Most of us, at one time or another, have stopped to listen or watch street performers. Sometimes their acts seem a desperate search for money. But often, they display a significant amount of talent.
It is quite probable that some of the finest artists in the world have never reached a major stage. Becoming a famous singer or musician or dancer, is largely a matter of having your talent “recognized” by someone in a position to take it to a new level.
I have heard and seen street performers in places all over the world who have left me wondering why they aren’t part of something more…something bigger.
Perhaps, for some, it is a conscious choice. They don’t choose celebrity. For most, however, they are invisible because they live in a world that is a parallel universe to our own. We may briefly break free from our individual lives to stop and listen to a marvelous street performer. But the worth of the performance is usually judged by the stage, and an abandoned storefront, underground rail station or park bench, are not the surroundings that merit more than a few moments of our time.
As I watched one of these performances, it became apparent that this dancer did not need to be validated by surroundings. His message to me was, no matter what the stage, we always have the power to control our performance.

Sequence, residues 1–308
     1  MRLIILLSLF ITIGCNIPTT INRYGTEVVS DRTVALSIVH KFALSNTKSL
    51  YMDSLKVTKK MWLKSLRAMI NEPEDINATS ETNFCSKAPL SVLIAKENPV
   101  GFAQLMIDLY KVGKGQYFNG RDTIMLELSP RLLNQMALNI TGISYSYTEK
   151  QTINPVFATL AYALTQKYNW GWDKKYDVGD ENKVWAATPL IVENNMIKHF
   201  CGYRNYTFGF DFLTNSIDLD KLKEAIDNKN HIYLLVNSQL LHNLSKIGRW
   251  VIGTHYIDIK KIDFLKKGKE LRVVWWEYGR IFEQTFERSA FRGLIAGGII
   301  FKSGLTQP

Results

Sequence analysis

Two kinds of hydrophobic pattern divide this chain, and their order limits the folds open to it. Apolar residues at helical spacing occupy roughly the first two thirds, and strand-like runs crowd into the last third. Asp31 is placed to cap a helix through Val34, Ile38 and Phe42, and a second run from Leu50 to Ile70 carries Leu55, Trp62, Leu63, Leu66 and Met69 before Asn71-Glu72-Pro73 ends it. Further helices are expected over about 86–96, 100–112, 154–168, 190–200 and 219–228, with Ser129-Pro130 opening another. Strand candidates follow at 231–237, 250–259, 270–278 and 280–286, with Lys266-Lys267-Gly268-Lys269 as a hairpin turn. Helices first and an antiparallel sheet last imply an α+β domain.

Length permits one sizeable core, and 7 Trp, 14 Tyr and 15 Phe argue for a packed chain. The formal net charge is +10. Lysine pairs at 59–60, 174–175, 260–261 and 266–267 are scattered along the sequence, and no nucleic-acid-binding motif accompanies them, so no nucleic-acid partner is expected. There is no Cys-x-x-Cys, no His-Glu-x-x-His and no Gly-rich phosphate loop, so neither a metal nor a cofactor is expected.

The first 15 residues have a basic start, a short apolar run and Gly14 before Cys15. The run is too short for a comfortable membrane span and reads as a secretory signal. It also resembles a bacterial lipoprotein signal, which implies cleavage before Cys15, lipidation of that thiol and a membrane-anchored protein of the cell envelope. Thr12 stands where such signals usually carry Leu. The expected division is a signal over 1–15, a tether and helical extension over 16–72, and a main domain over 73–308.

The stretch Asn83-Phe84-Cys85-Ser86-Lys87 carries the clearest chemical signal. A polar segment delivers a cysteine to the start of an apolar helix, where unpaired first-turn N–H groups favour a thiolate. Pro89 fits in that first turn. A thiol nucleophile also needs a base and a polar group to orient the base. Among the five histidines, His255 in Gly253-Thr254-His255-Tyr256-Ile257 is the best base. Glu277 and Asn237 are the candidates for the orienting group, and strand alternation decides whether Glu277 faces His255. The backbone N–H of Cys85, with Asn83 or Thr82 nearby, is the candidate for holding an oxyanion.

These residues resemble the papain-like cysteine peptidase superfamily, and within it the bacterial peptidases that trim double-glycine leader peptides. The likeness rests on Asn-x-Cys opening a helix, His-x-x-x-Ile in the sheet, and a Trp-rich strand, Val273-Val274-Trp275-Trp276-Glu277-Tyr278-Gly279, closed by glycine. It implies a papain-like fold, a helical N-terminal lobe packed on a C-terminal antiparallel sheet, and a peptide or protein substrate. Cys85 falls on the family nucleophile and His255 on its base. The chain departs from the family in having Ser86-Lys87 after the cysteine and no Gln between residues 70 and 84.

The Tap Dancer (In the Cat’s Eye, 2009) is about that street performance which I saw in New York many years ago. The talent displayed, the integrity of the performer, and the ability he had to, literally, stop traffic, remain with me to the present, and are a constant source of inspiration.
Glenn K. Currie
Pounding the sidewalk, filled with fury,
Anxious to make the music hurry,
He moved his feet to impatient beats,
Translating languages of the streets.
His boom box propped against the wall,
Reverberated the rhythm’s call.
Rapping on windows, rattling locks,
Accomplice to the dancer’s knocks.
Then like magic, harmony flows,
Music and motion blend and grow.
A small crowd gathers in the square,
Watching the artist paint the air.
Performing for a jaded few,
On a stage of obstructed view.
A master dances, playing taps,
Talent sold, for coins in a cap.